There is a scene in Birdman where a theater critic savages a play she hasn't even seen yet out of pure malice. As a part time critic, that scene rankled me a bit. Yes, I've been on the internet, so I'm well aware that ignorant and savage take downs are abundant, but I don't think that the average writer is that irrationally angry about the art they're supposed to be engaging with. Not all criticism is about kicking a puppy.
Of course, there is some puppy-kicking inherent in the form. Take Romy and Michele's High School Reunion for example. It's a sweet movie, and over all I found it to be very charming. A reasonable person would accept it as a pleasant diversion and leave it at that. But if I wrote a completely positive review of this movie... Well, I'd be lying.
The set up has real potential: Romy and Michele are two women who are barely scraping by in L.A. where they work dead end jobs when they have jobs at all. When an invitation to their ten year high school reunion drops into their lap, their first gut reaction is to go. However, the more they think about it, the more it seems like a dubious proposition. In retrospect, their time in high school was more miserable than they initially remembered it, plus they have accomplished so little in the last decade they are afraid they'll be embarrassed by their more successful peers. They don't want to return to their old stomping grounds as outcasts who transformed into losers.
Every adult has to experience a gulf between who they thought they would be and who they actually ended up being. You could very easily make a version of this movie that in addition to being funny was grounded and meaningful. Unfortunately, Romy and Michele's High School Reunion is some pretty high grade Hollywood bullshit. Once the two of them arrive at their reunion they literally blow everyone away - the movie ends with them flying off the school grounds in a helicopter. And then of course a millionaire they meet at the reunion forgives all the years of abuse she suffered at their hands and gives them a Cinderella deal that lets them start the fashion store of their dreams so they can live happily ever after. The end.
You can probably guess this film's shortcomings sight unseen if you're familiar enough with the average studio comedy. Number one on the list: Hollywood only casts gorgeous statue-esque blondes in leading roles, even if the role would be better served by someone who looks more normal. Michele's teenage awkwardness is explained away by giving her scoliosis mandated backbrace, which is fine enough - but I'm not buying Romy's flashbacks to her "chubby" years, because Mira Sorvino is an unbelievably attractive woman and they didn't even bother to add any extra make up to her in the flashbacks. I'm not mad at Sorvino, who has the comic chops for the role, but towards the movie as a whole, which really condescends to actual outcasts. There were multiple scenes where this movie reminded me of the scene in American Splendor where Harvey Pekar yells at his actual nerdy friend for going to see Revenge of the Nerds - Hollywood wants the nerds' money, but it doesn't want to put them on screen.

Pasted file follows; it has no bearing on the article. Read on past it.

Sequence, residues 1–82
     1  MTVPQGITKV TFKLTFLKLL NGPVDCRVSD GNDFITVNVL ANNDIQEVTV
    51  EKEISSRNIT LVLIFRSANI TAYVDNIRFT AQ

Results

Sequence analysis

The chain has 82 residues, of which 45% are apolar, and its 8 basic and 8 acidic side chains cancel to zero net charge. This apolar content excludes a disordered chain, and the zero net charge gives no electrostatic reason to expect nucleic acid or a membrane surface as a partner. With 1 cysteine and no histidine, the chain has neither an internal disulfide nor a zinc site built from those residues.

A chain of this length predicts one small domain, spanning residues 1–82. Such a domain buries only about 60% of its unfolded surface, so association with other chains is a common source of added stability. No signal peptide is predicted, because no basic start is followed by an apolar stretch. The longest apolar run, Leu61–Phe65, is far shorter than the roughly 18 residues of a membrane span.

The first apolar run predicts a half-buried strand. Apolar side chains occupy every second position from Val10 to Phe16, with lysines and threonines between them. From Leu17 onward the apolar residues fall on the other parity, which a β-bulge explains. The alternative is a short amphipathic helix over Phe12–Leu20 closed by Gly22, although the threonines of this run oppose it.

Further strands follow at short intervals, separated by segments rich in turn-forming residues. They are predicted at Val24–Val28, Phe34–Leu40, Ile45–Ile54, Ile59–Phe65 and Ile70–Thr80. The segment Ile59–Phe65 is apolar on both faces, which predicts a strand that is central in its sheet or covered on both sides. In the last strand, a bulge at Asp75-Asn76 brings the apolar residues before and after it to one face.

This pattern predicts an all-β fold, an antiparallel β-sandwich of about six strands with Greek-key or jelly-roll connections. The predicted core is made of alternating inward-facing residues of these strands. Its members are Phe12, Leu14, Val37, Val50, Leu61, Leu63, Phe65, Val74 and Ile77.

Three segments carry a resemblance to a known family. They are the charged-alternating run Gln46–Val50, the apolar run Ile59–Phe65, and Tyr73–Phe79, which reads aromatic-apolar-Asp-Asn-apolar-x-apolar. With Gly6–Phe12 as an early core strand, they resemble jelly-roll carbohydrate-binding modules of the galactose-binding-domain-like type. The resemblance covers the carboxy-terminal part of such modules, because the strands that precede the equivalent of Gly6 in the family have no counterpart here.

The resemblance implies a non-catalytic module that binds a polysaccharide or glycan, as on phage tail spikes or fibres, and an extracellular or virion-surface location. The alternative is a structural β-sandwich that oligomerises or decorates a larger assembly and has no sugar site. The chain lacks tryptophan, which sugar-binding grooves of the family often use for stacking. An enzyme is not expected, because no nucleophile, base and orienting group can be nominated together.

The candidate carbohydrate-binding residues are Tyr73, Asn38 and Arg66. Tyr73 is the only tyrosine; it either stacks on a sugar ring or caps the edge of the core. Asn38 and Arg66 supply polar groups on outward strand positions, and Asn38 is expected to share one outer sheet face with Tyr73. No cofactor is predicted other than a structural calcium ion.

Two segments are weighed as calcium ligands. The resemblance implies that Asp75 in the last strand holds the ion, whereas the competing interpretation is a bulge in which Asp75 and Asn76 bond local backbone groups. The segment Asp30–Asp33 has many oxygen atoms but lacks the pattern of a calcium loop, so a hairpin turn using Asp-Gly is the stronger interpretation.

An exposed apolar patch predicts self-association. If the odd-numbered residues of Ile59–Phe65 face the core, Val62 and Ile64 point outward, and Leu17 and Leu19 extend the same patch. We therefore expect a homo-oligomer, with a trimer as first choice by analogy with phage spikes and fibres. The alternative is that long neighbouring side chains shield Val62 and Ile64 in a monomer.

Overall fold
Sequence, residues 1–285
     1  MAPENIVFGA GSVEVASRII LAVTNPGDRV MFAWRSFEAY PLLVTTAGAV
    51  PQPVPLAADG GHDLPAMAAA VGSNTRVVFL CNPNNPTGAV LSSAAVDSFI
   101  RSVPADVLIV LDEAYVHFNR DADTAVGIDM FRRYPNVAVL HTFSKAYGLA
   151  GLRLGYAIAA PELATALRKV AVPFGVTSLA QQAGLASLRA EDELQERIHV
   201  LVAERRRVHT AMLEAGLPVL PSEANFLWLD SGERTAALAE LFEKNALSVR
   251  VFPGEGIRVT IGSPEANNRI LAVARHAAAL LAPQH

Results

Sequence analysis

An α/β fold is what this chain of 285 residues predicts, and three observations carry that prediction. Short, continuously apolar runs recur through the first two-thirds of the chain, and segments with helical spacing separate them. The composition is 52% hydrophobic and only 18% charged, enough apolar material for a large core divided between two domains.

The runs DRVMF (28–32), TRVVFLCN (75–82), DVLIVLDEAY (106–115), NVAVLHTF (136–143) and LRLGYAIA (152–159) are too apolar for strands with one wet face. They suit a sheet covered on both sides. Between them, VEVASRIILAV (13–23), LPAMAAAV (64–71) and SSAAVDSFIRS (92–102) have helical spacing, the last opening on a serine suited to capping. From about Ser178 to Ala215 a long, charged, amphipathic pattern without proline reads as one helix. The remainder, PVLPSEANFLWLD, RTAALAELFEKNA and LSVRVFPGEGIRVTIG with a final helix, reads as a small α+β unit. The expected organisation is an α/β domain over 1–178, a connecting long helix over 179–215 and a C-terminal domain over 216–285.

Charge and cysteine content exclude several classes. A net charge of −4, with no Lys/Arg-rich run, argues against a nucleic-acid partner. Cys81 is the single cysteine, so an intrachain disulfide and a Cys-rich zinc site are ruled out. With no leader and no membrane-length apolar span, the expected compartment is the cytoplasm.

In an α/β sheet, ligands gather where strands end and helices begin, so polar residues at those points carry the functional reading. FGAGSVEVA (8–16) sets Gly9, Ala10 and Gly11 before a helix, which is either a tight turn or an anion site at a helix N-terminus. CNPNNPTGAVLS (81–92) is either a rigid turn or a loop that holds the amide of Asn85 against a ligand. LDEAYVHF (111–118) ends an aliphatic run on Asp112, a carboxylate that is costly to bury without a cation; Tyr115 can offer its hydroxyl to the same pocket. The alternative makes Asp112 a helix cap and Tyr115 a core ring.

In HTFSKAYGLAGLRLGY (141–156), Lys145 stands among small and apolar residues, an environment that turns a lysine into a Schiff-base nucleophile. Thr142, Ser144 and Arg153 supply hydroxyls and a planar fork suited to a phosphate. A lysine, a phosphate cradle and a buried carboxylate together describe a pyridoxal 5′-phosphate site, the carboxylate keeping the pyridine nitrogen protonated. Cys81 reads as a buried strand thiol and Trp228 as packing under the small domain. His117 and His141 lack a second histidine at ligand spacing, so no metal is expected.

Romy and Michele's High School Reunion would also go down easier if it wasn't all heading towards an all too easy moral about how after they graduate outcasts become way cooler and more successful than the cheerleaders who used to call the shots. There are multiple levels where this bothers me. For one, it's pat and predictable. Two, I'm very uncomfortable with the modern self-esteem movement, which promises people that they will achieve everything they set out to do if they just believe in themselves. (Of course, it helps if you know a generous millionaire who will give you start up cash no strings attached.)
Worst of all, I think that moral is actually destructive, because it encourages the thought that the best way to judge your own life is to compare yourself to your peers. Instead of getting to the ball and having a fairy godmother whisk them into the sky, these women needed to accept that their so-so lives in L.A. are actually pretty good, all things considered. After all, as Psych 101 will tell you, neither winning the lottery nor becoming a paraplegic affects your long term happiness - it's less about what happens to you and more how you look at it. At the start of this movie Romy and Michele change how they look at their life - but before that can stick, the movie whisks them away to a fairytale and hides the unpleasant truths behind a curtain again.
I understand that I'm taking a light hearted movie and piling on it a bit more than it probably deserves. A lot of this film's jokes are very witty, and the performances are really sharp - particularly Janeane Garofalo, who plays her snarky character to the hilt as only she could. But I'm not attacking this film out of ignorance or out of spite - I just think that it's charms are surface level, while it's sexist execution and deeper implications are more troubling. I might be a jerk like that critic from Birdman, but at least I'm an informed jerk - I did watch this trifle all the way through before I (semi-irrationally) shat on it for not being a masterpiece.